How to invent a clean energy company

The common view of invention is that it is unexpected. The people who do it are extraordinary individuals. There are risk takers but also naturally creative geniuses. Ancient Archimedes came up with his theory of buoyancy by his spontaneous revelation, a “eureka moment” in a bath.

In the 19th century, August Kekulé invented our theory of chemical structure. This made industrial chemistry possible and thus much of our modern life. One of his central discoveries came after he day-dreamed an ouroboros, a snake eating its own tail, and this metaphor became his notion of the circular ring of six carbon atoms, a crucial base unit in organic chemistry.

Charles Edison was a freakishly inventive man with more patents than many countries and progenitor of General Electric and another dozen companies. And Albert Einstein was, well, Albert Einstein.

The Democratisation of Energy

Technological developments are already blurring the line between producers, distributers and consumers. Companies are increasingly looking for opportunities to become power producers in the new urban energy rush and could become significant contributors in the future.

According to Arup, transactive energy systems will enable prosumers – those who design things for their own needs – to respond to triggers such as energy price and grid frequency in real time. As Alan Thomas, head of global energy systems at Arup, points out however: “It’s what you do with this that counts, without a surrounding ecosystem it’s like having an iPhone without any apps.”

Research by Arup and Siemens indicates that the value to end-users of distributed energy systems investment is significant. Operational cost-reductions ranging between 8 and 28 per cent and a return on investment between three and seven years were observed, based on a series of modelled case studies around the world.  The revenue potential is also high.

The National Grid urgently requires more flexibility to manage the grid and its ancillary services market, with different types of capacity required to deal with demand and supply imbalances, is expected to be worth around £2 billion by 2021.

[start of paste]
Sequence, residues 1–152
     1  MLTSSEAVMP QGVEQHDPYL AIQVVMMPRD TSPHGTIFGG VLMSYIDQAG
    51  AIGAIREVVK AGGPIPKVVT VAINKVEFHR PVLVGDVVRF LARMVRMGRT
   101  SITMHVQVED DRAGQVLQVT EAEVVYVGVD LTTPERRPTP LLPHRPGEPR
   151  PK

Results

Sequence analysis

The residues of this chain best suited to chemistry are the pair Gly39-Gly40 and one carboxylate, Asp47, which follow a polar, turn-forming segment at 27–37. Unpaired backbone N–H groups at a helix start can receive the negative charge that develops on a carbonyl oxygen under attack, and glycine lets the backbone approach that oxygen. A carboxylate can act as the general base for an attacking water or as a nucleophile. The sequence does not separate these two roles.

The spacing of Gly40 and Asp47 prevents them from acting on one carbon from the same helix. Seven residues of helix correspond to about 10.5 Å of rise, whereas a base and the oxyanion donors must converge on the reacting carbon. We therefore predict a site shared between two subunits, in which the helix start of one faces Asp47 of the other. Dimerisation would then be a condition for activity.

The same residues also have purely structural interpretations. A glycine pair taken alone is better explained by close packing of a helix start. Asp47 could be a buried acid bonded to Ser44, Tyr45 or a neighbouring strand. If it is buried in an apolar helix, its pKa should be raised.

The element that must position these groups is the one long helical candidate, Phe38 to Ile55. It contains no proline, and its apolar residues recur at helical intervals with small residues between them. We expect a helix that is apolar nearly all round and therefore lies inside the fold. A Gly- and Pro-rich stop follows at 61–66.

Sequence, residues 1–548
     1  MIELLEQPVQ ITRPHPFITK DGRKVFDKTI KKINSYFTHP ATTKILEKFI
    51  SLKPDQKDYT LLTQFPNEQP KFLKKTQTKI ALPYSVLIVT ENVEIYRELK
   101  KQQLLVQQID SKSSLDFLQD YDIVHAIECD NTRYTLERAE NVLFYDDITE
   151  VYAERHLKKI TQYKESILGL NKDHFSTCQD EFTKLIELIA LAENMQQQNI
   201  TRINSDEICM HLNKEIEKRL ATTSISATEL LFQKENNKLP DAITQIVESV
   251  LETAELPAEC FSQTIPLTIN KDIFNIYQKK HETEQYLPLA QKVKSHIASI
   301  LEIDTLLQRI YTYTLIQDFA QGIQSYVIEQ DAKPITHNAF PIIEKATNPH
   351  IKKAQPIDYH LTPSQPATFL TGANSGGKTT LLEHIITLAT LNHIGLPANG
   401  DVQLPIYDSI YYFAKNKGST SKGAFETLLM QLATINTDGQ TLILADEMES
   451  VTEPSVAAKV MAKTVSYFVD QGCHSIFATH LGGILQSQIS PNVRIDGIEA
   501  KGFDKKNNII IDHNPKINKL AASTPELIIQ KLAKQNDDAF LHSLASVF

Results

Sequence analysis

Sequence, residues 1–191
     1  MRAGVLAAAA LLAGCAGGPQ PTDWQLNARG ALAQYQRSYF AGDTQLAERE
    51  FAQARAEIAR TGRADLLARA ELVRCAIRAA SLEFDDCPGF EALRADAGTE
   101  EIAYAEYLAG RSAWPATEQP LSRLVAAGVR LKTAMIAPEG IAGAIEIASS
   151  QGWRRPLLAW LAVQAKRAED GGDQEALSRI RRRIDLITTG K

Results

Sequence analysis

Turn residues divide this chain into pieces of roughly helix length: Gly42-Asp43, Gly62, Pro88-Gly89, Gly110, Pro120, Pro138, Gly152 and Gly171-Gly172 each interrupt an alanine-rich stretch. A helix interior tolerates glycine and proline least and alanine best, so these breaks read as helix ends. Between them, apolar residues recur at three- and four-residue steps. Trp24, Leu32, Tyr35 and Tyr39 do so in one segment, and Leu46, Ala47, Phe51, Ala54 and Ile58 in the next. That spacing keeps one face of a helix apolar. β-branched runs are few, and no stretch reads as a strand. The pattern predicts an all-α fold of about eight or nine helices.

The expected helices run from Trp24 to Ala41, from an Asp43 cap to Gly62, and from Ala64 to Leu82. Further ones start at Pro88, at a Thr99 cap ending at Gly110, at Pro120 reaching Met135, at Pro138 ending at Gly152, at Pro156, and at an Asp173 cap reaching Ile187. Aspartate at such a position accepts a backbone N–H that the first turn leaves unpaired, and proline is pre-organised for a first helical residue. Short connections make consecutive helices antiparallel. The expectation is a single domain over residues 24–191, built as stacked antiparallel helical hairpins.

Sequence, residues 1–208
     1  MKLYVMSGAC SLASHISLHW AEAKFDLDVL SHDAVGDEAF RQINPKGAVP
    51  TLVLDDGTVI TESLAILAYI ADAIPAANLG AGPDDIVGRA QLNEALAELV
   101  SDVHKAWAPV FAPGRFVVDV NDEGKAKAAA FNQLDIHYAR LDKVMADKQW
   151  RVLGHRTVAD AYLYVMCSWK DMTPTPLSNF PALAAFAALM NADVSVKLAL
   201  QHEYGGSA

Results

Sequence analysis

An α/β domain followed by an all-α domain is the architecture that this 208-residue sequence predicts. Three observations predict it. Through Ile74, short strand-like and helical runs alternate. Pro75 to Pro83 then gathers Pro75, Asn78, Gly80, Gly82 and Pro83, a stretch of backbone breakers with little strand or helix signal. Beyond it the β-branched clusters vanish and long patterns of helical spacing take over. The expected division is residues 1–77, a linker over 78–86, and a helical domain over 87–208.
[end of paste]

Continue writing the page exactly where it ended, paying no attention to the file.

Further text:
9 New Clean Energy Technologies Chosen To Power The Next Generation

NEXUS-NY’s proof-of-concept accelerator is ready for another year of helping to catalyze the commercialization of research-derived clean energy technologies. After months of meetings at colleges and universities across NYS, the NEXUS-NY team has selected 9 rockstar clean energy innovations that have major potential to power innovation, and fuel the future.

The Future Of Energy : Sector Outlook Post-Paris

It would be big news for any country to invest $50 billion in renewable energy to generate 10 gigawatts of wind and solar power by 2023. However, when the nation concerned is Saudi Arabia – the Gulf State that possesses nearly one fifth of the planet’s proven reserves of petroleum and ranks as the largest global exporter – the story takes on another dimension.

It should not, though, come as such a surprise. In the era of the grand energy transition, we have entered a world where renewable is now the new normal and, to some extent, we have Paris to thank for that.

Much has happened since 195 countries adopted the first universal, legally binding climate deal to limit global warming below 2C, as signatories to the COP21 Paris Agreement, 2015. The normalising effects are far reaching, says Michael Liebreich, founder of Bloomberg New Energy Finance.

“Perhaps the biggest impact of the Paris Agreement is that the shift to a low-carbon economy is now seen as inevitable over some extended timeframe, not pie in the sky,” he says.

“So now, completely mainstream investors are asking companies about climate risk and stranded fossil assets. And in industry after industry, right through the supply chain, it is clear a lower environmental or climate impact can be a source of competitive advantage, driving a surge of innovation.”

New class of transformative green finance instruments for India

The India Innovation Lab for Green Finance has selected three new ideas for green finance instruments to move forward for further analysis, development, and preparation for piloting. The new instruments for the India Lab’s 2016-2017 cycle could help catalyze millions of dollars for clean energy and sustainable urbanization in India.

Through an open call for ideas, the India Lab received a record number of 72 innovative idea submissions. After an initial screening of these ideas, on February 21st, Lab Members met in New Delhi to select the top three ideas based on their actionability, innovation, catalytic potential, and financial sustainability.

Five Steps To Build A Startup Ecosystem In Your City

According to a Kauffman Foundation report, in the US,"new businesses account for nearly all net new job creation and almost 20 percent of gross job creation." It's no wonder there is so much hype about emerging startup ecosystems, and so much new focus on supporting startups from governments.

But what often gets lost in all the hype is how sustainable startup ecosystems are actually created.